By Libby Hebpurn
The Citizen Science Global Partnership (CSGP) will have a delegation of 15 contributing to the UN Science-Policy-Business Forum (SPBF) on the Environment and the United Nations Environment Assembly 4 to be held in Nairobi from March 8 – 13th.
We will have representatives of the major citizen science associations in Africa, Asia, USA, Europe and Australia and this year, citizen science is firmly on the agenda in both sessions. This is significant for the development of the movement as these are the major policy forums for world-leading actions on the environment and this year the theme of the SPBF is; Innovative solutions for environmental challenges and sustainable consumption and production. Recommendations from the Forum inform the UN Environment Assembly and the UN’s work on the Sustainable Development Goals and participating will be leaders from the worlds of Government, Finance, Industry, Science, Citizen Science and Civil Society. The forum is designed to tear down traditional barriers between these sectors and the citizen science delegation will be busy contributing to that process and demonstrating what valuable contributions we can make.
We will be contributing presentations in several streams including Science for decision making: Shaping policies and Market Responses and Redesigning the Metropolis: Smarter, Greener Solutions for Cities. A new global citizen science video will be premiered at this event.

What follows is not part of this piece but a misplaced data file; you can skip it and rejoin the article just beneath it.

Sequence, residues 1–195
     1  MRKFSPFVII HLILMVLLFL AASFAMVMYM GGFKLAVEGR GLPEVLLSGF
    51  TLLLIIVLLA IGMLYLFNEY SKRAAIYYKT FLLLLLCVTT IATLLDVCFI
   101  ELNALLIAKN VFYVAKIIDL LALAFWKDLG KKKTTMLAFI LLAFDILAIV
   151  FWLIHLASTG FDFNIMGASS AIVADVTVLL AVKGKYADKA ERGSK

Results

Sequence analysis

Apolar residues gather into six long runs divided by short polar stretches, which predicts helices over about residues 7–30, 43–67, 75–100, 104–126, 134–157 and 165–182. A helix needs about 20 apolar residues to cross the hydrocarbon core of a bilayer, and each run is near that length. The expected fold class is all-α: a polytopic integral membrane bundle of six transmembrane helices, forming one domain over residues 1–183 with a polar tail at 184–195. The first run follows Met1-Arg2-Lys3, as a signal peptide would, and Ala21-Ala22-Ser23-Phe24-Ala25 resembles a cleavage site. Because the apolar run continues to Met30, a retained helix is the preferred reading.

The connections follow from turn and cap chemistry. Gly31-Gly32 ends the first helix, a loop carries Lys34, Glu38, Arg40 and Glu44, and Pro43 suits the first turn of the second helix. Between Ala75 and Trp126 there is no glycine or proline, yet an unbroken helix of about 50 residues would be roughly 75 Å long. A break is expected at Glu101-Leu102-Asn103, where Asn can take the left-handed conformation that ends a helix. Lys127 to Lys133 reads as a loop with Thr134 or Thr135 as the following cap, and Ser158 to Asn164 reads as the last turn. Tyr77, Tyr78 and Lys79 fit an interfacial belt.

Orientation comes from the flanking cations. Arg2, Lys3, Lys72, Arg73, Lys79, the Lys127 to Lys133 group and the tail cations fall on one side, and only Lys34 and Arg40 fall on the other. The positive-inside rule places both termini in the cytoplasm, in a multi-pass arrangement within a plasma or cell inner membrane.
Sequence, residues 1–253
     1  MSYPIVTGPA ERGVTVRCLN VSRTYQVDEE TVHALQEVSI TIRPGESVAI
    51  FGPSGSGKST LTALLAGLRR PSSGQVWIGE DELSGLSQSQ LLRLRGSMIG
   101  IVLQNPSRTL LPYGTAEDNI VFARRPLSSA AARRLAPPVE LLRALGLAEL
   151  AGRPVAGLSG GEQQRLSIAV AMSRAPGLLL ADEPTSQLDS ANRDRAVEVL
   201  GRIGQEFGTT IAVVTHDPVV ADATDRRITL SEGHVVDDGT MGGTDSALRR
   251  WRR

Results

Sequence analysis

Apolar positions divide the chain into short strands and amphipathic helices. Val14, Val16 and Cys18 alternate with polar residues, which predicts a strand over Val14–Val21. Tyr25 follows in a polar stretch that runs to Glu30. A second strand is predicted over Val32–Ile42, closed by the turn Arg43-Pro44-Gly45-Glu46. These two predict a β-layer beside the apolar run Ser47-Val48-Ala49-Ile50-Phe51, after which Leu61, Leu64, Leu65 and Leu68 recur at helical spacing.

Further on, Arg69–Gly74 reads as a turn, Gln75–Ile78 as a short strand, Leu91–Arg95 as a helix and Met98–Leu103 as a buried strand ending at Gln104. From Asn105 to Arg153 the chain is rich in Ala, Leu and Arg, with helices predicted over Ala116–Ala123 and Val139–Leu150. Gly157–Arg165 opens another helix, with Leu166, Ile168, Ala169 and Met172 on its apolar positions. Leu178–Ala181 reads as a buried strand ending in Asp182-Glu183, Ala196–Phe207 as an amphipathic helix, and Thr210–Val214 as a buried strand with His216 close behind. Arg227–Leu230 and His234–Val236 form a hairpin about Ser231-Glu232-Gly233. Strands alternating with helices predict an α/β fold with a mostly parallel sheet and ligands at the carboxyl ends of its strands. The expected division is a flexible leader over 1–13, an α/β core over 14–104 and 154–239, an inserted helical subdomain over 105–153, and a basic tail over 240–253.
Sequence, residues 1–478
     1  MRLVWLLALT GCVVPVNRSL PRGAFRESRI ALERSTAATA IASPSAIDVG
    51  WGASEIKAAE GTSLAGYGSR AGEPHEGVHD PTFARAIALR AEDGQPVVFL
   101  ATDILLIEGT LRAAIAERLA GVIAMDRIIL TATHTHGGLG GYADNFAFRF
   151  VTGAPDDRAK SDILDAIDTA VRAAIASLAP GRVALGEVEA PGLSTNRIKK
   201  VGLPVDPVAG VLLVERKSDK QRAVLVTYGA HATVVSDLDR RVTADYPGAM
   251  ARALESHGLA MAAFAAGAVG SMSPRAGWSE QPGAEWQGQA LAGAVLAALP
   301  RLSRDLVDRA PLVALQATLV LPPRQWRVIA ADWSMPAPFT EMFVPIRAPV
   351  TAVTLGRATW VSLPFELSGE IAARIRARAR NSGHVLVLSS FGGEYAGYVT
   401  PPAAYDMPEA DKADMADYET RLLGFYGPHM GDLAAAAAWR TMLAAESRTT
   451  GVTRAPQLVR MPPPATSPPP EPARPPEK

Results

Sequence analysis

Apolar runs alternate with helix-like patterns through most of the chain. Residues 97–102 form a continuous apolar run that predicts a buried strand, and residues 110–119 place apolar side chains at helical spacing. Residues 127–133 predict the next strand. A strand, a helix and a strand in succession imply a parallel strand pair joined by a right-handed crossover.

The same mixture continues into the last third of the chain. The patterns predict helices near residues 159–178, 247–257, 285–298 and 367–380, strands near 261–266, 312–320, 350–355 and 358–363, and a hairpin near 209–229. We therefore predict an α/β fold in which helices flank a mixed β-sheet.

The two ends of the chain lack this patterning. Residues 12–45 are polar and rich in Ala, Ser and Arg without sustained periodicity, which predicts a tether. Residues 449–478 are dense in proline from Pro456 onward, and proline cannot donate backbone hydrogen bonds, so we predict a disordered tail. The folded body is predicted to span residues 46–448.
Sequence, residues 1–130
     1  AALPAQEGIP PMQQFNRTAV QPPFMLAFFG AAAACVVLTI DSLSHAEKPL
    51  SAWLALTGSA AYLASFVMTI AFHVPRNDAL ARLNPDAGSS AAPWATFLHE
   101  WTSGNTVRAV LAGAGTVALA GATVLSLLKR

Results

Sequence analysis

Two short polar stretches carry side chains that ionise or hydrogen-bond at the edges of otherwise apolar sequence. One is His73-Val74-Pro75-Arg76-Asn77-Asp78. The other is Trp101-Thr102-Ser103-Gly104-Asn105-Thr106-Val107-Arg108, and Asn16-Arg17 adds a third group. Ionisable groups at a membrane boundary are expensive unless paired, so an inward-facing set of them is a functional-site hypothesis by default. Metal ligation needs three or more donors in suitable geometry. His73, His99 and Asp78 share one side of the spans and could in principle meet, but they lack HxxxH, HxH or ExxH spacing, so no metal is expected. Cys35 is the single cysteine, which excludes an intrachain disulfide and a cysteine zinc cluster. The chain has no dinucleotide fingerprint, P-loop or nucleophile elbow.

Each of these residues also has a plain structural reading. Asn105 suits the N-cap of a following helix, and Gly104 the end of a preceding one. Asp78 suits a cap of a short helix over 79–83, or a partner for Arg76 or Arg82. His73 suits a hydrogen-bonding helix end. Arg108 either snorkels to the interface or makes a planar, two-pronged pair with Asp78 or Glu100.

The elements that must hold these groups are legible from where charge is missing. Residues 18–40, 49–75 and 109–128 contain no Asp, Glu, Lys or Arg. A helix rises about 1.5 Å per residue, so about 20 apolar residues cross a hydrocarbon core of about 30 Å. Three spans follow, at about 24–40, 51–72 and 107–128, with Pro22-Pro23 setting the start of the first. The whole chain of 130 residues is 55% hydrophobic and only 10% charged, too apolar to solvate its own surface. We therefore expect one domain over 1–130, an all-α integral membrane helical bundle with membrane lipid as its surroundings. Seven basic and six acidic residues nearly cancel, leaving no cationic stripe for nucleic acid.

We will then take a supporting role in session 2. Laying the Foundations for a Global Platform for Big Data on the Environment using Frontier Technologies; Session 6. Sustainable Food for a Healthy Planet and in Session 5. The Climate Challenge and Non-State Actors: From Transparency to Leadership. In this session (Reuters who are organising it) have asked for CS input.
Finally with respect to Session 4. Green Technology Startup Hub we aim to have a presence in the Hub and to stimulate discussions with Venture capital Funds over the opportunity CS presents for new business partnerships.
In the main UNEA4 citizen science will feature in the text of the Ministerial Declaration; in the Global Environmental Outlook (GEO); and the CSGP, with support UNEP, will be able to make major new announcements at UNEA4 and the UNSPBF on its development (more details will follow in due course). We have citizen science in the negotiated GEO-6 summary for policy makers and the main report. We understand the USA want citizen science in the resolution for the next GEO so it appears the governments in relation to UNEP are accepting that citizen science is a fundamental component of moving forward with regards to monitoring our environment. A concept for possible funding called ‘GEO-6 – Citizen Science’ is proposed.
Much of the progress at these global events has been based on the hard work done by the delegation who attended UNEA3, where Erin Roger represented ACSA and the delegation was led by Martin Brocklehurst and Johannes Vogel from ECSA. It was at that event that the Citizen Science Global Partnership was launched, giving citizen science and ACSA a leadership role with the important global institutions.
Progress on the world stage reflects well on Australia as an innovative leader in citizen science and this should flow back into higher recognition and support through government policy and funding.